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HD Tips: Pro Audio for Prosumer Cameras

The proliferation of prosumer HDV cameras has been a boon for producers looking to get the most bang for their buck. But while these smaller cameras might appear to be easier to operate than larger, more sophisticated professional HDTV broadcast cameras, they pose some significant challenges for production sound mixers.

“The prosumer production experience is a fact of life these days as budgets get tighter in this economy,” said Tomm Dauenhauer, audio supervisor/production sound mixer of Tommin8er Sound Inc. in Thousand Oaks, Calif. Dauenhauer, who has worked on a mix of reality television, documentaries, commercials, corporate productions and music videos over the last 10 years, most recently completing garden makeover show “Fix This Yard” for A&E, added, “Most of my production year has been with these cameras; the video quality is at such a high level.”


Working with a professional broadcast camera for a sound mixer is a relatively simple matter of connecting the location sound rig to the camera, setting tone levels and recording to the video media. Multitrack recording with a double system audio setup (that is, a system separate from the camera’s on-board capabilities) is not a problem if there is SMPTE timecode synchronization, at the appropriate frame rate, between the recorder and camera or cameras.

But one problem with prosumer cameras is that they do not have timecode capabilities. Plus, accessing audio functionality—levels, channel selection, automatic gain control, and so on—in a prosumer camera typically involves switch settings, connectors and menus that differ from one camera to another.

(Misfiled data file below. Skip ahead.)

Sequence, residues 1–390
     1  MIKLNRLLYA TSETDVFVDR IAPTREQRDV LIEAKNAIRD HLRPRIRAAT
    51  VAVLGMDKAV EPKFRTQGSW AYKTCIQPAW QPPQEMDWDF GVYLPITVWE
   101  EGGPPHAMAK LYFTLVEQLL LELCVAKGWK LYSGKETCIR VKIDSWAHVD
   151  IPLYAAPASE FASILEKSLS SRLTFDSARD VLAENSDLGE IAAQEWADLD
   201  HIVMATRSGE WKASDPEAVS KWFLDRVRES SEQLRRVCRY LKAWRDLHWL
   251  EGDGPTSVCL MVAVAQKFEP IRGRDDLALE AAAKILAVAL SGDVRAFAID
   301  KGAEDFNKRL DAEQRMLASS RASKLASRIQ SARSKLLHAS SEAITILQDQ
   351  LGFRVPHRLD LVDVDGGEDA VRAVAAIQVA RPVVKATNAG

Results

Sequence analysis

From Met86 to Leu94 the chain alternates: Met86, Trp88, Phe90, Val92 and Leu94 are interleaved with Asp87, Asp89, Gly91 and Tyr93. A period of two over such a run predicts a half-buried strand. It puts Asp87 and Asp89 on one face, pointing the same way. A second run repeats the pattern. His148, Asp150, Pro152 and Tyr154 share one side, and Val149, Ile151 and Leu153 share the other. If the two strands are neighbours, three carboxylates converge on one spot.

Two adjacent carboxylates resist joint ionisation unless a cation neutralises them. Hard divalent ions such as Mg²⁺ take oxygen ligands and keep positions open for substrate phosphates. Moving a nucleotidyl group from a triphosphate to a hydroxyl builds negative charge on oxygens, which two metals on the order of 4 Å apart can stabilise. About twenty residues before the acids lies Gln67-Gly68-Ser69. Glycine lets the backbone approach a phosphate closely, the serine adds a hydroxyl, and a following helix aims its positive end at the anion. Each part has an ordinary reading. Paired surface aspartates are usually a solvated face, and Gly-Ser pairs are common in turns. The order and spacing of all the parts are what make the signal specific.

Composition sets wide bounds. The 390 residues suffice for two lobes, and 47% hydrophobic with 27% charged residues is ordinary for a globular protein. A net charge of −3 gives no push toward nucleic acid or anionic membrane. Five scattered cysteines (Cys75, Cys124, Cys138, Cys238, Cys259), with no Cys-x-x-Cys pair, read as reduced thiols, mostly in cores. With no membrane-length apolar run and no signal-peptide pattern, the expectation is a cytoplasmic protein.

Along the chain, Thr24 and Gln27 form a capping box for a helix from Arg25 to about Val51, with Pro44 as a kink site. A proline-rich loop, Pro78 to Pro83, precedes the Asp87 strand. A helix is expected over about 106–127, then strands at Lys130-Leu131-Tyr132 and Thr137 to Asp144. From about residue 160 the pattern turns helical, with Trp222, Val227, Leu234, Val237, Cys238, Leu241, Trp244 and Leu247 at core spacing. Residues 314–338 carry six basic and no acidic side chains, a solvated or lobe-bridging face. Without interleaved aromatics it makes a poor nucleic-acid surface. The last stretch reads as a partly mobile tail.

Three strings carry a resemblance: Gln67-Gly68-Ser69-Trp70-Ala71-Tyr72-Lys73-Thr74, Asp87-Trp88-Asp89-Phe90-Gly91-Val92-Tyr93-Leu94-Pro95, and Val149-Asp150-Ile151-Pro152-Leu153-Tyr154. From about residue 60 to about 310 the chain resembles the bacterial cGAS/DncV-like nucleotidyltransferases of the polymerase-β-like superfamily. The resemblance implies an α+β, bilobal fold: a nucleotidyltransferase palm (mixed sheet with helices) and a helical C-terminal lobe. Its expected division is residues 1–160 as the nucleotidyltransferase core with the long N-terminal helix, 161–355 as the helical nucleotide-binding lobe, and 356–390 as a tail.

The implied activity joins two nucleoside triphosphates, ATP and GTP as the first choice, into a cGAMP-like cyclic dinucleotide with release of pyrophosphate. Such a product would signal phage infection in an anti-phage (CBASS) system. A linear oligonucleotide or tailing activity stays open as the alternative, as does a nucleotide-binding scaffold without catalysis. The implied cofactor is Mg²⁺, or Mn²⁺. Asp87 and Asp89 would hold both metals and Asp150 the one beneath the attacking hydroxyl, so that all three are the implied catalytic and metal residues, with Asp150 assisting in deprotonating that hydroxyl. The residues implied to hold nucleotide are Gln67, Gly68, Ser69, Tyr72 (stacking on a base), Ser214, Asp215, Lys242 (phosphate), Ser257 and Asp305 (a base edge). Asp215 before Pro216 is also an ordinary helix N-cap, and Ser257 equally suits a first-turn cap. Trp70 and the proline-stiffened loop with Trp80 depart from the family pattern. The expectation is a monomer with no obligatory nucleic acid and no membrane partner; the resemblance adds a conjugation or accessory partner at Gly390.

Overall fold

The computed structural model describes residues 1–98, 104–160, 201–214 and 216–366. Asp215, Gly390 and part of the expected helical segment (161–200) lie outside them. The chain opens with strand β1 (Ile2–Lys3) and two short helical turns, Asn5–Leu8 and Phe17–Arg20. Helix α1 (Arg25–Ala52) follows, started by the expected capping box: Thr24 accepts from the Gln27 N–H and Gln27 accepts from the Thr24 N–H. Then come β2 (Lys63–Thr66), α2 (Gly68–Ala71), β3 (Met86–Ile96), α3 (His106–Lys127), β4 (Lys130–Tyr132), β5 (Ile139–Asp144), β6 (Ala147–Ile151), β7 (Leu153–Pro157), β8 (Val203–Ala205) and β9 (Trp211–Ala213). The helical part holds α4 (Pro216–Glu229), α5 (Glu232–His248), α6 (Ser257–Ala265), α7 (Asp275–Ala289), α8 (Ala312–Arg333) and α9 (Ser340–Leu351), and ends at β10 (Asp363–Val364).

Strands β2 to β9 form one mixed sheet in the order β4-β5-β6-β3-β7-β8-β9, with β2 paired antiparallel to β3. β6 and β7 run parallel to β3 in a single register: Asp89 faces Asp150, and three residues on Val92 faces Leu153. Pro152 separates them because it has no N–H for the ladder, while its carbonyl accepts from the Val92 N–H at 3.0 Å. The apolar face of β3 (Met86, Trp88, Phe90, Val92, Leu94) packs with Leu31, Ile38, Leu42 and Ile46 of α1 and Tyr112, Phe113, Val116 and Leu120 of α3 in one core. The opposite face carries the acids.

On set, audio mixer Tomm Dauenhauer uses a Zaxom ZFR100 digital audio recorder with timecode Dauenhauer noted that even the popular Red One camera is a challenge: “I hate to be the one at the party to point out that the emperor isn’t wearing any clothes, but from an audio perspective the Red One camera is basically a prosumer camera with a large imaging chip and a very basic audio recording system that is at best, a challenge, with prosumer limited headroom. When one has to deal with a Red One shoot and ask 20 questions regarding build version, audio input resistance, permission from the DIT [digital imaging technician] to be allowed to hook-up to the camera with audio input cables, or sync from a [Ambient ACL202CT timecode generator] Lockit Box, or a Zaxcom Deva recorder, one has to pause and wonder why they even put audio on the camera at all.”

Experience has taught Dauenhauer to bring along a double system recording setup to any shoot. “That way, the camera crew and the DIT and the producers can thrash about, and all the while I know my sound is the best quality and remains intact on my recorder. The only thing I demand is that they put the jam-synced Deneke Timecode Slate in front of the Red One whenever it begins making a video file.”


Dauenhauer is able to tailor his double system digital audio rig depending upon the requirements of the production, based around an inventory that includes a 10-channel Zaxcom Deva Fusion digital mixer/recorder, eight-channel Professional Sound Corp. Alpha Mix, PSC M-4 Mk II four-channel mixer or Sound Devices 302 three-channel ENG mixer. Wireless devices include Zaxcom RX-900S digital stereo receivers and TRX-900AA digital transmitters as well as Lectrosonics 400 and 200 series equipment. His microphone complement includes DPA, Sanken, Sennheiser and Sony lavaliers along with Audio Technica AT-4073A, Neumann KMR-81i and Shoeps CMIT-5U short shotguns.